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Chap. 5, Top-Down Parsing J. H. Wang Mar. 29, 2011.

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Presentation on theme: "Chap. 5, Top-Down Parsing J. H. Wang Mar. 29, 2011."— Presentation transcript:

1 Chap. 5, Top-Down Parsing J. H. Wang Mar. 29, 2011

2 Outline Overview LL(k) Grammars Recursive-Descent LL(1) Parsers Table-Driven LL(1) Parsers Obtaining LL(1) Grammars A Non-LL(1) Language Properties of LL(1) Parsers Parse Table Representation Syntactic Error Recovery and Repair

3 Overview Two forms of top-down parsers –Recursive-descent parsers –Table-driven LL parsers: LL(k) – to be explained later Compiler compilers (or parser generators) –CFG as a language’s definition, parsers can be automatically constructed –Language revision, update, or extension can be easily applied to a new parser –Grammar can be proved unambiguous if parser construction is successful

4 Top-Down Parsing Top-down –To grow a parse tree from root to leaves Predictive –Must predict which production rule to be applied LL(k) –Scan input left to right, leftmost derivation, k symbol lookahead Recursive descent –Can be implemented by a set of mutually recursive procedures

5 LL(k) Grammars Recall from Chap.2 –A parsing procedure for each nonterminal A –The procedure is responsible for accomplishing one step of derivation for the corresponding production –Choosing production by inspecting the next k tokens. Predict Set for production A   is the set of tokens that trigger the production –Predict Set is determined by the right-hand side (RHS) 

6 We need a strategy for choosing productions –Predict k (p): the set of length-k token strings that predict the application of rule p Input string:  a  * S=>* lm  Ay 1 …y n –P={p  ProductionsFor(A)|a  Predict(p)} P: empty set -> syntax error P: more than one productions -> nondeterminism P: exactly one production

7 How to Compute Predict(p) To predict production p: A  X 1 …X m, m>=0 –The set of terminal symbols that are first produced in some derivation from X 1 …X m –Those terminal symbols that can follow A –(Fig. 5.1)

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9 For LL(1) grammar, the productions for each nonterminal A must have disjoint predict sets Not all CFGs are LL(1) –More lookahead may be needed: LL(k), k>1 –A more powerful parsing method may be required (Chap. 6) –The grammar may be ambiguous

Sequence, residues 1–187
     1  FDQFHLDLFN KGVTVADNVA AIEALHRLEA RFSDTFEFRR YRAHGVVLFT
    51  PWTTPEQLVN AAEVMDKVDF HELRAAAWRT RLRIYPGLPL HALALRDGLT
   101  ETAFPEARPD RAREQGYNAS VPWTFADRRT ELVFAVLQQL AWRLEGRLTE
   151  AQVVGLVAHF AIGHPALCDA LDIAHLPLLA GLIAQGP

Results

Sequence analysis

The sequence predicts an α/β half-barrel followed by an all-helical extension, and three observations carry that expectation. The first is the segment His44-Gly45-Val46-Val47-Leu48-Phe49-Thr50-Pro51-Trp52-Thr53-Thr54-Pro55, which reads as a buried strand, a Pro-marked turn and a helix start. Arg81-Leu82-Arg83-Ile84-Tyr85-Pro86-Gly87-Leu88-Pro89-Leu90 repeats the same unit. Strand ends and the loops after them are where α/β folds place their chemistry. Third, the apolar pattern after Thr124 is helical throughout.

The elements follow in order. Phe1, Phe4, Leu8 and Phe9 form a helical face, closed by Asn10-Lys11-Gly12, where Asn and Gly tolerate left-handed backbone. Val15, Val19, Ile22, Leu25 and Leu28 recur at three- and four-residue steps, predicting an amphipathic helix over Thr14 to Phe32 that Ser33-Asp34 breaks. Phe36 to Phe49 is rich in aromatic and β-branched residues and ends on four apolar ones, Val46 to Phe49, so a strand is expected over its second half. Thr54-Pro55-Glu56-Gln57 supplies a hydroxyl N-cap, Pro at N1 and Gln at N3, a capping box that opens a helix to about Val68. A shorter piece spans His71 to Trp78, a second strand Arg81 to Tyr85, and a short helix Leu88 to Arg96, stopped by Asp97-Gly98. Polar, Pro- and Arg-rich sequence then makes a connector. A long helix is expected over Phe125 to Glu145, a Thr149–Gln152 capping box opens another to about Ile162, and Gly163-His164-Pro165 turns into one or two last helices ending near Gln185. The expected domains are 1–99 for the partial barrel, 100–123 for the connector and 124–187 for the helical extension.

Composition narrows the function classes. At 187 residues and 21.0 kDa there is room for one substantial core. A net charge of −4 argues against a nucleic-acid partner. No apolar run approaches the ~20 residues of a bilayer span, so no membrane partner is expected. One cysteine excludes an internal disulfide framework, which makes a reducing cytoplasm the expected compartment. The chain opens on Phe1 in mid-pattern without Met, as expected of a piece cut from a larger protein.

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12 S MATCH PEEK ADVANCE ERROR

13 Recursive-Descent LL(1) Parsers Input: token stream ts –PEEK(): to examine the next input token without advancing the input –ADVANCE(): to advances the input by one token To construct a recursive-descent parser –We write a separate procedure for each nonterminal A –For each production pi, we check each symbol in the RHS X 1 …X m Terminal symbol: MATCH( ts, X i ) Nonterminal symbol: call X i (ts)

14 PEEK

15 MATCH

16 Table-Driven LL(1) Parsers Creating recursive-descent parsers can be automated, but –Size of parser code –Inefficiency: overhead of method calls and returns To create table-driven parsers, we use stack to simulate the actions by MATCH() and calls to nonterminals’ procedures –Terminal symbol: MATCH –Nonterminal symbol: table lookup –(Fig. 5.8)

17 PUSH MATCH POP ERROR APPLY POP PUSH PEEK PARSER

18 How to Build LL(1) Parse Table The table is indexed by the top-of-stack (TOS) symbol and the next input token –Row: nonterminal symbol –Column: next input token –(Fig. 5.9)

19 ILL ABLE

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21 Obtaining LL(1) Grammars It’s easy to violate the requirement of a unique prediction for each combination of nonterminal and lookahead symbols –Common prefixes –Left recursion

22 Common Prefixes Two productions for the same nonterminal begin with the same string of grammar symbols –Ex. (Fig. 5.12) Not LL(k) Factoring transformation –Fig –Ex. (Fig. 5.14)

23 ACTOR

24 LIMINATE EFT ECURSION

25 Left Recursion A production is left recursive if its LHS symbol is also the first symbol of its RHS –E.g. StmtList  StmtList ; Stmt –A  A  |  –(Fig & Fig. 5.16)

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27 A Non-LL(1) Language Almost all common programming language constructs: LL(1) –One exception: if-then-else ( dangling else program) –Can be resolved by mandating that each else is matched to its closest unmatched then –(Fig. 5.17)

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29 Ambiguous (Chap. 6) –E.g. if expr then if expr then other else other If expr then { if expr then other else other } If expr then { if expr then other } else other -> at least two distinct parses Dangling bracket language (DBL) –DBL={[ i ] j |i≥j≥0} if expr then Stmt -> [ (opening bracket) else Stmt -> ] (optional closing bracket)

30 Fig. 5.18(a) –S  [ S CL | λ CL  ] | λ E.g. [[] Fig. 5.18(b) –S  [ S | T T  [ T ] | λ

31 It’s not LL(k) –[  Predict( S  [S ) [  Predict( S  T ) [[  Predict 2 ( S  [S ) [[  Predict 2 ( S  T ) … [ k  Predict k ( S  [S ) [ k  Predict k ( S  T )

32 Properties of LL(1) Parsers A correct, leftmost parse is constructed All grammars in LL(1) are unambiguous All table-driven LL(1) parsers operate in linear time and space with respect to the length of the parsed input

33 Thanks for Your Attention!


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